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The illustrations are gorgeous and engaging.  The hardback 9×10 format makes this book a great addition to any library and should be read regularly.  It isn’t enough to not be mean, action and intention need to be taught so that we all might be more kind, inshaAllah.

 

Bashirah and the Amazing Bean Pie by Ameenah Muhammad-Diggins illustrated by Amir Doumy

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Bashirah and the Amazing Bean Pie by Ameenah Muhammad-Diggins illustrated by Amir Doumy

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Oh, how glorious to learn something new while having things you know presented so well at the same time.  In 42 pages the reader will feel all the excitement of Eid (it doesn’t specify which one, nor does it really matter), sharing your culture with your classmates, participating in a family tradition, cooking with your grandfather, sharing with neighbors, and learning some life lessons about diversity from the Quran.  Ages 5 and up will enjoy the story and seeing Eid being celebrated, and older kids that know about Eid will love learning about bean pies and appreciate the African American Muslim culture, if they don’t already know about it, and those that do will hopefully feel proud to see it represented.  The best part is that there is a recipe at the end, that I can’t wait to try.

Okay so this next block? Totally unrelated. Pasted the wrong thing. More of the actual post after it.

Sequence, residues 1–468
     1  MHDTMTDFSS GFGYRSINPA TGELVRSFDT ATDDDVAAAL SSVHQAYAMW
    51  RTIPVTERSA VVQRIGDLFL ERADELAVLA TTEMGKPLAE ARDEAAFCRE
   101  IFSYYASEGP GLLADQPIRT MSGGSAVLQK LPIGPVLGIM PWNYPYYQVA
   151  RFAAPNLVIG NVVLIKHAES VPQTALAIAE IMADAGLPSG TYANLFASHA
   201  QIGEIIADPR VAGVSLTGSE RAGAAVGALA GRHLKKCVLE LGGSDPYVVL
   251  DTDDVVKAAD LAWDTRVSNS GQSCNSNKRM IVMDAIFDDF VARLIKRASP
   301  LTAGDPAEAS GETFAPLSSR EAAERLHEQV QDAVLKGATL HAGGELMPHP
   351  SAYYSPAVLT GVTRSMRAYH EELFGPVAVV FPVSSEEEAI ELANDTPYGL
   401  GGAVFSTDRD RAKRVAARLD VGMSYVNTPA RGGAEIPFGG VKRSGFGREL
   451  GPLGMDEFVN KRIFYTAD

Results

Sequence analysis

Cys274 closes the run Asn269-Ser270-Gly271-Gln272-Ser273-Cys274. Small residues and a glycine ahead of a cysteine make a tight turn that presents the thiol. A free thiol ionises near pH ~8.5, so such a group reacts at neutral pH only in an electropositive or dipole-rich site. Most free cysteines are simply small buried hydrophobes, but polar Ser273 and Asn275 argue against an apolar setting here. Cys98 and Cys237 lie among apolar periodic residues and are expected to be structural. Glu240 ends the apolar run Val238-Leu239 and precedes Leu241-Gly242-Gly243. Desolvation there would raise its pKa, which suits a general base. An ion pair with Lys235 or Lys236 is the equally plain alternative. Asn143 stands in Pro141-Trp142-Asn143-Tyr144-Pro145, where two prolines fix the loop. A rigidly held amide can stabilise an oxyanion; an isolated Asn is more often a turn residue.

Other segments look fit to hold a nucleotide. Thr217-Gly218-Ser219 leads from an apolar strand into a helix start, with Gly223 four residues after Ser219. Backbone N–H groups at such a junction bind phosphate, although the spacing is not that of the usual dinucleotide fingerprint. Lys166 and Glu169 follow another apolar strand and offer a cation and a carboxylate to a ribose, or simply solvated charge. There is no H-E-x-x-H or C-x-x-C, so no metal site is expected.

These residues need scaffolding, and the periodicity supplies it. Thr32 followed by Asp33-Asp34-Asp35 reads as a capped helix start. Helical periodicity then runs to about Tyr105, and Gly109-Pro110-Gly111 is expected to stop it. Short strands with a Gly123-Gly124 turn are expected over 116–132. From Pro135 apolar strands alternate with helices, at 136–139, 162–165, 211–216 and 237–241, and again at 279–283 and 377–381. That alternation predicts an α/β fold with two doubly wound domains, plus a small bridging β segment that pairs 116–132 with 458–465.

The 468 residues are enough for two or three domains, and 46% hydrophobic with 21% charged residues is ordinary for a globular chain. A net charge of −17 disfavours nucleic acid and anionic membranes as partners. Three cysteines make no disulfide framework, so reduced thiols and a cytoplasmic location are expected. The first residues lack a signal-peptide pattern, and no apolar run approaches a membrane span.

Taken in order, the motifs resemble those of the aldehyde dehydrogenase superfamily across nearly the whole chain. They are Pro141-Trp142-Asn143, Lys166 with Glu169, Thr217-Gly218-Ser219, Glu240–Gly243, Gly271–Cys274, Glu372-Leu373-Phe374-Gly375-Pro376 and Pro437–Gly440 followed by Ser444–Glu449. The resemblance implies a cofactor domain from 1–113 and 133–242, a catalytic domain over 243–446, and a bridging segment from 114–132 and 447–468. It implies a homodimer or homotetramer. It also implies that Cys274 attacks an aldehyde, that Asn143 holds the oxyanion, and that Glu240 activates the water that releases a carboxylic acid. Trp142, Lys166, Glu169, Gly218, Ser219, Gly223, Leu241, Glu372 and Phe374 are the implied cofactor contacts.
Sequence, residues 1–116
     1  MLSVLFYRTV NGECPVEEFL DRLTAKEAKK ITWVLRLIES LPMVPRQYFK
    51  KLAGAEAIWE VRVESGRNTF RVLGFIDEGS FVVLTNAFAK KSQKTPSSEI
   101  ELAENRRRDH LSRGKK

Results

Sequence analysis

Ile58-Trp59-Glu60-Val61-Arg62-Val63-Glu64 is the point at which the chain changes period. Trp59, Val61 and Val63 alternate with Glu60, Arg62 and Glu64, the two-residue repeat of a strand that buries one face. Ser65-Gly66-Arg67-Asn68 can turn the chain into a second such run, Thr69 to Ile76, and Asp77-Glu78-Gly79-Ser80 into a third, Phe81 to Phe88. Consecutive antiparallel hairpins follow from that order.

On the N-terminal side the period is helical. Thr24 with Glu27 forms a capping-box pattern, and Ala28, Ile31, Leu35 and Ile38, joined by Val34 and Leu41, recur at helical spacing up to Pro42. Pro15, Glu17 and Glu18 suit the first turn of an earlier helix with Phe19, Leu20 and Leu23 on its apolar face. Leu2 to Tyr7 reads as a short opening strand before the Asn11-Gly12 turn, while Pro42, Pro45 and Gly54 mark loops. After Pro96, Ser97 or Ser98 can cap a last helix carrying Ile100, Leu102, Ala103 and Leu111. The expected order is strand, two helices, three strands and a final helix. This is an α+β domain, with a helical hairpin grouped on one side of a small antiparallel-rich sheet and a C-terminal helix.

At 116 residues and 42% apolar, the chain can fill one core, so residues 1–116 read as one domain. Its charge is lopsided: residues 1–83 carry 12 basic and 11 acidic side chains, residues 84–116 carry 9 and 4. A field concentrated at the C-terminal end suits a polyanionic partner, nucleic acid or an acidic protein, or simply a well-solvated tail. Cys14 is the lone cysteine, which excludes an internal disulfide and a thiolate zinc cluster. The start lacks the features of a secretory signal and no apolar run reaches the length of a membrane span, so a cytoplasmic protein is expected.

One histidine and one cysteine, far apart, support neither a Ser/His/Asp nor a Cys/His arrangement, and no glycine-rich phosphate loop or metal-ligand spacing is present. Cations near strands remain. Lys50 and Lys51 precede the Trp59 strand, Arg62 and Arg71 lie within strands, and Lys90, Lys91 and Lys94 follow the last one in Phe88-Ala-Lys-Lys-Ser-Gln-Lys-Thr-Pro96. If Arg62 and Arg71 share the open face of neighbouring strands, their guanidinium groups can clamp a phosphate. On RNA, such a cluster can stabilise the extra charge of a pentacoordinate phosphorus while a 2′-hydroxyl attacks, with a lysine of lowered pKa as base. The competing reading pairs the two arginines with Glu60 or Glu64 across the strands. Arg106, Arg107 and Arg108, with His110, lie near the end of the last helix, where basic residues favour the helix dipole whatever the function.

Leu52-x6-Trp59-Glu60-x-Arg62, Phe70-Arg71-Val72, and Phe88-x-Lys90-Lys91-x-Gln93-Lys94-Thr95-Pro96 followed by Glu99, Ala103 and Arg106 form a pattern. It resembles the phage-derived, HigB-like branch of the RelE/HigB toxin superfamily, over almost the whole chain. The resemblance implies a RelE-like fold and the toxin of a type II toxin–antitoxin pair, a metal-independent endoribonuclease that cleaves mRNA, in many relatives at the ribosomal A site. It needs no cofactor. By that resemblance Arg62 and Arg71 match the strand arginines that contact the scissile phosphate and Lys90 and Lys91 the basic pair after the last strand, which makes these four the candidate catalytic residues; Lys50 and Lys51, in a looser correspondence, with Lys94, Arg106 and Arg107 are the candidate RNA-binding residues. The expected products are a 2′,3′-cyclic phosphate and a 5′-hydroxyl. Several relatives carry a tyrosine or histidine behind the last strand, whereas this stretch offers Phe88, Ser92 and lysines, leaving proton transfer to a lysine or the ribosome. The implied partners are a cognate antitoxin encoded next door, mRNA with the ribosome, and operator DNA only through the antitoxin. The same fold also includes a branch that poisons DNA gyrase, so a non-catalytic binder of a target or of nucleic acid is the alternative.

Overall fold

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It is the end of the school day and the teacher is reminding the students that Monday is Culture Day and they need to bring a dish to share, over the weekend it is also Eid.  Bashirah is excited that this is the first year she will get to make her own bean Pie with her Pop-pop who is going to teach her the family recipe.

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At home Bashirah can’t stay still as her mom puts on the finishing touches of her Eid outfit, she is so excited for all the fun about to happen.

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Early the next morning the family all heads out to the Masjid for Eid Salat in their beautiful clothes.